[This post is part of the Reshaping Christian Habits series]
As part of reshaping our Christian habits, a significant component is maintaining a weekly Sabbath rest. In reading through Scott Rae and Kenman Wong’s Business for the Common Good (which I’ll review next week) I was reminded once again of the importance of this. In a book that is a “theology of business” (“loosely speaking” as the authors put it) chapter 3 is focused on the interface of business and spiritual formation. After surveying some brief differences between the ancient world and the modern world in terms of the separation between work and home, they then observe that “we largely view work as primary and leisure as secondary – that is, we define leisure in terms of work, not the other way around” (p.102). After then surveying the Biblical foundations of the Sabbath (creation, the 10 commandments, and more) they then say this:
…it should be noted that the sabbath was not created in the service of work. In other words, sabbath observation was not for the purpose (so commonly accepted today for taking time off) of “recharging our batteries” or becoming more effective workers. It was and is simply a gift to be received (p. 104).
In other words, while we mainly tend to view Sunday (or a Sabbath day of rest on another day) as a parenthesis of rest in a week of work, in might be better to think of your work as the parenthesis between Sabbath rests. I’m still thinking through this approach myself, but it does make sense. From this perspective, keeping the Sabbath isn’t something you have to do in order to avoid breaking a commandment, rather it is something you do as a way of modeling the rhythm of life that God intended. It is a “get to” not a “have to.” When the new heavens and new earth are thought of as the ultimate Sabbath rest, then modeling this rhythm of life here and now is a means making our lifestyle a sneak preview of what’s to come.
Kenman and Wong offer a similar rationale:
Though we are not under the command to take literally one day in seven off from work, the reasons for giving the sabbath command are still relevant today and suggest that we develop a sabbath outlook and lifestyle. Even though our work is our altar, that doesn’t mean that we have to spend all of our time there (p. 106).
In other words, you’re not commanded in the NT to take a Sabbath every week, but it is in your best interest to do so. People often note that all of the 10 commandments are repeated in the New Testament except for keeping the Sabbath, but I wonder if the reason for the omission is that the authors thought it was so part of the fabric of creation it didn’t need to be repeated. The epistles are occasional letters, and perhaps the occasion of rampant disregarding of the Sabbath never came up. I realize of course this is an argument from silence, but it is something that may just appear to be a surface silence. My point here is simply to offer you some insight into my own Sabbath keeping experience, and encourage to make it a part of your weekly routine as well if you are not already doing so.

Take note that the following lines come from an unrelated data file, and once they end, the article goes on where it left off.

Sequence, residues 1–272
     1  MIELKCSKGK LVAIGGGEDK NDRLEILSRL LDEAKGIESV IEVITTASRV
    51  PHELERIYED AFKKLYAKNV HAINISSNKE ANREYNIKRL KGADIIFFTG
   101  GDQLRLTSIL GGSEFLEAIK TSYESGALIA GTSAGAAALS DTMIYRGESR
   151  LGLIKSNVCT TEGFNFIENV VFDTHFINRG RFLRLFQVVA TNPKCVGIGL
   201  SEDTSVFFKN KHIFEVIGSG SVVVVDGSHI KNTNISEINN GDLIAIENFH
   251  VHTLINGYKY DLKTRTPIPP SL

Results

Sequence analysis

I have found that the rhythm of life seems much more in sync when I am taking time out each week for a purposeful Sabbath. I really started taking this seriously my first semester of seminary and would carve out a single day for a Sabbath rest. While this may seem unrealistic to you, consider my second semester schedule:
- Day job: Cleaning pools 4 mornings a week
- Night job: Teaching private music lessons 3 nights a week
- School schedule: 14 hours of graduate level classes
In the midst of this, I would usually take Saturdays and make them a 12-14 hour or so homework day, and then Sunday was off limits as a Sabbath. No school, no work, and no exceptions, regardless of deadlines. I kept this up for the next 3 semesters and then had to make some adjustments once I got married. We were pretty consistent with this through our two years of marriage while I was in seminary, but I got off track personally during my last year, mainly in terms of not completely unplugging from thinking about school assignments even if I wasn’t working on them on Sunday. I’m in the midst of correcting this at the moment, and am looking forward to getting back in sync. (If you’re curious about the way taking a Sabbath panned out while I was in seminary, I never stayed up late working on an assignment and I never turned in anything late. I didn’t make straight A’s, but hey, a 3.8 is pretty close.)
While I was in school, my primary work was my studies. Taking a weekly rest from them no matter how busy I felt I should be was what helped keep my soul healthy while in seminary. If you’re too busy to take a day off each week, then you’re probably too busy. By setting a single day off limits each week, you’ll be surprised how much you can get done in the other days. Like I said, I was incredibly busy during seminary, but everything still got done in a timely manner, and I still had a day each week to just enjoy God freely.
Rather than a hedonistic “living for the weekend” mentality, I felt like I was balanced between doing meaningful work during the week that I for the most part enjoyed and then also getting a day to rest and relax and enjoy some Sabbath leisure. I cannot recommend this highly enough to you. It will test your reliance and God and faith that he will help you manage the remaining time effectively, and your find a spiritual growth spurt accompanies your decision as well.